Despite its slow gestation, Battery Park City is widely considered a resounding success today, particularly in the areas of sustainable design, which was required of many of the complex’s latter day projects. Standing out among even these green stalwarts is the recently completed Riverhouse, designed by Polshek Partnership and shooting for LEED Gold, though the project now provides a bit of a cautionary tale for ambitious developers. According to the Journal, two tenants recently sued the projects’ developers for $1.5 million for breach of contract and fraud because the building was deemed not as green as it had been billed. Among the issues:
[The suit] says the owners’ engineers “found a deviation of 49%” over the LEED standards “in the cumulative size of holes and cracks allowing infiltration of cold air.”
The complaint also alleges that air temperature for heating the apartment was too low, which the owners say is a sign that the building isn’t maximizing energy efficiency.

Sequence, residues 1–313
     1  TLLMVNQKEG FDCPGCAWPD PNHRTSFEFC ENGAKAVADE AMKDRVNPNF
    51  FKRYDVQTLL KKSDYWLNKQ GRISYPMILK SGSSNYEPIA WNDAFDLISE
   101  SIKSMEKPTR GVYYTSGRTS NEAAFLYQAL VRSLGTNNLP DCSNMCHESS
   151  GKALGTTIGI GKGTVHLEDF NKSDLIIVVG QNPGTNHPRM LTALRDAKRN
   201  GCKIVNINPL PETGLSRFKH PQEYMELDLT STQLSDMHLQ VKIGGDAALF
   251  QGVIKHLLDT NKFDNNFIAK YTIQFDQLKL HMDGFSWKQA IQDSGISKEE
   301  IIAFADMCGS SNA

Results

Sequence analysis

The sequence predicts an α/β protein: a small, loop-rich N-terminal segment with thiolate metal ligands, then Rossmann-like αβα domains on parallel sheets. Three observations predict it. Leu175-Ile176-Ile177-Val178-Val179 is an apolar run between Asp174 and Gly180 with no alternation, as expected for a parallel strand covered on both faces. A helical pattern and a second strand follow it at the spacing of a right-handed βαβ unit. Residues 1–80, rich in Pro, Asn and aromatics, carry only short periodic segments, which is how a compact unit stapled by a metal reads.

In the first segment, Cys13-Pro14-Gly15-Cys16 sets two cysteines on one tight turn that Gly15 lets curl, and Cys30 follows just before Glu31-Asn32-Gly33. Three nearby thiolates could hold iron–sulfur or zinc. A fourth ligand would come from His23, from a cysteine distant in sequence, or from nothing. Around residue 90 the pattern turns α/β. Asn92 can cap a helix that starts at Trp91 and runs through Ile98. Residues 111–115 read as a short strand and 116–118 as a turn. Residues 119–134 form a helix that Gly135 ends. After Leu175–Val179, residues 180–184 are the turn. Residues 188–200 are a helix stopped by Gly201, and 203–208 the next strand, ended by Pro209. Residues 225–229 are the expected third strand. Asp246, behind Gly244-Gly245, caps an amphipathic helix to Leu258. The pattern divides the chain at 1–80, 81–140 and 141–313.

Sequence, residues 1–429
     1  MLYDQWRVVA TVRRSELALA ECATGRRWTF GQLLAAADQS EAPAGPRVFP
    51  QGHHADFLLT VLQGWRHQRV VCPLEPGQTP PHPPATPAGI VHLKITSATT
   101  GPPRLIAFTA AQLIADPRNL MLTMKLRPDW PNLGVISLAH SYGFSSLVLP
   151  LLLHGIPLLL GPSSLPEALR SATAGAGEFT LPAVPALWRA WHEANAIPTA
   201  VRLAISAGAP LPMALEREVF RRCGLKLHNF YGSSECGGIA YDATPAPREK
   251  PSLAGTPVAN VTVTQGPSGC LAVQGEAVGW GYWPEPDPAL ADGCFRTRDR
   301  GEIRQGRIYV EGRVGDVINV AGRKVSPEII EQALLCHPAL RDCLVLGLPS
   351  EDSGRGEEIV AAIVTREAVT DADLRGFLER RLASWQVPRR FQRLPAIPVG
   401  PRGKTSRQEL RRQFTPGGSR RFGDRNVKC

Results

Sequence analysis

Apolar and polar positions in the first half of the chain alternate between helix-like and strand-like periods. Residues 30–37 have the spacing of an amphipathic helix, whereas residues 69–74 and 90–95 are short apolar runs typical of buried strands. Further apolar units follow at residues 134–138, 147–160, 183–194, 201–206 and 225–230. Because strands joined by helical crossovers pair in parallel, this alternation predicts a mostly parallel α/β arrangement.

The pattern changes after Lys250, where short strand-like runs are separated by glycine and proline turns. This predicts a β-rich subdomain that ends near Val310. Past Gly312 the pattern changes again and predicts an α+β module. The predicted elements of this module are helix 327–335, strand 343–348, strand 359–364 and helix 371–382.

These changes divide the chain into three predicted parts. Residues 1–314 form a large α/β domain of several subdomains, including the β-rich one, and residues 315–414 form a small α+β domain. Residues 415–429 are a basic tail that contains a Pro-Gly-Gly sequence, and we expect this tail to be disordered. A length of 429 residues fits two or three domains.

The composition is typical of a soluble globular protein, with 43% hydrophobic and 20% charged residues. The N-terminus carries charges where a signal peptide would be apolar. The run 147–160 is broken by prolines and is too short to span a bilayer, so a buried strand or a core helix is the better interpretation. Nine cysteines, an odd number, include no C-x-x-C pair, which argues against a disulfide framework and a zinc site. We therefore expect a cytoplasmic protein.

The paper goes on to suggest that the suit may simply be a means to get out of the now exorbitant $4.2 million three-bedroom apartment. The more important lesson, though, may be on the strengths and weaknesses of sustainability in general and LEED in particular. After all, Riverhouse had once been aiming for the crown of first Platinum-rated residence in the city, yet now it has settled for Gold, a sign of the difficulty in meeting such standards. And yet the findings by the plaintiff’s engineers that the project is not even performing at that high level are both surprising and not — for rarely, if ever, are these buildings tested after the fact. (Then again, who needs to test a building’s efficacy when you’ve got Operation Green to make your case?)